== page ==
365 forum posts
Hi, I am building a 3" scale Allchin, The crankshaft and first drive shaft are in mild steel, I made the bearings from phos. bronze PB102 because I had some available. Now I am wondering if it was a good choice, I am worried the phos.bronze may only be good for hardened steel shafts and my mild steel shafts will wear more than the bearings. I am thinking I should bore out the bearings and fit a SAE660 leaded bronze or LG2 gunmetal liners
I would appreciate anyone's advice or experiance.
|1008 forum posts|
Unwise to ignore the BS recommendation for use.
Still it isn't going to wear that quickly, so you could finish the machine, get it into steam and have some fun and then order the 660 bronze. I've done the same on my 3" LS and that's my plan, and I'm not planning on a new crank! (Nor do I have the slightest intention of calculating the loads, nor of case hardening)
A lot depends on the load in the bearings and the highest load will be imposed by the water feed pump probably, if you are simply doing a bit of light steaming to run it in. Use the injector, shove a bit of proper teflon based grease in there, keep them clean and and keep an eye on them?
I'll let you know when mine pack up!
If you are really worried get crank and shaft nitrided?
365 forum posts
Hi Meyrick, thanks for your reply, very much appreciated, you have confirmed my fears but as you sugest there is no need to panic now, As you suggest I will finish the engine and get steaming then line the beraings with 660 bronze during winter workshop hibination.
You mentioned BS recommendations, do you know where I can find info on BS recommendations for bearings and shaft combinations?
|duncan webster||05/07/2009 20:24:50|
2293 forum posts
If you've got room you could bore out your phos bronze bearing and line them with white metal. It's not that difficult, you tin the bore with soft solder, then warm up the bearing and white metal to the appropriate temperature ( a cheap non contact thermometer would be a good investment), then pour the molten white metal into the bearing, let it cool and remachine. You can fit a sooted steel plug in the middle to reduce the amount of white metal, or just use newspaper to catch the swarf as you machine it and save it for re-use. Then of course, next time you need to fit new bearings, just melt out the old stuff and cast in some new.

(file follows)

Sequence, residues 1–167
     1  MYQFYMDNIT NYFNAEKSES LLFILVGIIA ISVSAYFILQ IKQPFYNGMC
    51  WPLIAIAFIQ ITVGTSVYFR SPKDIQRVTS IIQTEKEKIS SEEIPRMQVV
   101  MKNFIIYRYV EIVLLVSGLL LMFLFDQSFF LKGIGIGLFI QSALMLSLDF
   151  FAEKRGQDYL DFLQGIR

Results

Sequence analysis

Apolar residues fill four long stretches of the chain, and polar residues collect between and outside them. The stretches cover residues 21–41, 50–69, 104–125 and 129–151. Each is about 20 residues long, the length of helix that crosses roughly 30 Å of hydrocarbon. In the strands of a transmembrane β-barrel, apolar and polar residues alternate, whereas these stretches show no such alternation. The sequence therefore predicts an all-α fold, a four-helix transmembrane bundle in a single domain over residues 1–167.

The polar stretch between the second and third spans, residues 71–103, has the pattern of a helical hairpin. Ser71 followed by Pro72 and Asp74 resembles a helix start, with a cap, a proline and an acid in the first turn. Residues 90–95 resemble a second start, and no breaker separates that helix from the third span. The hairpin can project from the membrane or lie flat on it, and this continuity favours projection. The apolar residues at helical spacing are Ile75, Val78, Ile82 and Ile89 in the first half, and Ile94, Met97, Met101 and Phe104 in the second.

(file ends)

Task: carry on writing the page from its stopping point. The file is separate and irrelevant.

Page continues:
We used to gauge temperature with pine sticks, like skewers, dip it in the molten metal and if it chars it is hot enough. there must be better ways!
365 forum posts
Thanks Duncan for your suggestion to use white metal, that sound interesting and will be a new experience, I think I will give that a go, in a year or two though.
|6 forum posts|
I am building my 7th. traction engine,I always fit cast iron bearings to mild steel shafts.
My first T/E a 3" burrell is still running on it's original cast iron bearings,after 32 years.
Why any one uses any other material for bearings I fail to understand.
The only brass based material in my models is if water is in contact .
Edited By Albert on 15/07/2009 09:26:21
|calder percival 1||16/06/2011 22:31:50|
|19 forum posts|
|Iron has around a three to one life span over bronze and if the lubrication is present it works much the same as a sintered bronze bearings as the iron "soaks " up the oil for slow release. We use cast iron bushes in our wire straighteners at work and they have saved us so much work instead of the old bronze ones which i might add were scraped in by hand everytime we changed them .|
|429 forum posts|
Duncan, do you know a source for White Metal in small quantities? I'm searching that stuff since years, but with no success. I'm sure it is still used in full size railways, but they need larger amounts I think.
|David Clark 1||17/06/2011 10:56:00|
3357 forum posts
Whitemetal for casting models is available from Alex Tiranti of Reading.
They do various tpyes.
|duncan webster||17/06/2011 11:07:24|
2293 forum posts
|I scrounge mine from a friend, what you are after is Hoyt's white metal, I'm not sure this is the same as is used for making lost wax castings. It comes in quite small ingots. You might find someone who reconditions old engines who would be prepared to sell you a lump|
|23 forum posts|
Try this company for white metal:
You need to make sure you get the correct grade though. White (or Babbitt) metal is an alloy of tin, lead, antimony and copper; the proportions determine it's melting point and its characteristics as a bearing metal. The more tin, the higher the melting point and the price.
You shouldn't really use second hand whitemetal, chiefly because of the risk of it being contaminated however there is also the need to know what grade it is and how it has been treated. If it has been over heated there is the possibility that it might have become "spoiled" which results in it becoming gritty and unfit for anything but scrap.
Whitemetal was used extensively for bearings during the steam age and is still used in some modern internal combustion engines today. It's a very good bearing metal and is vastly underated in my personal opinion.
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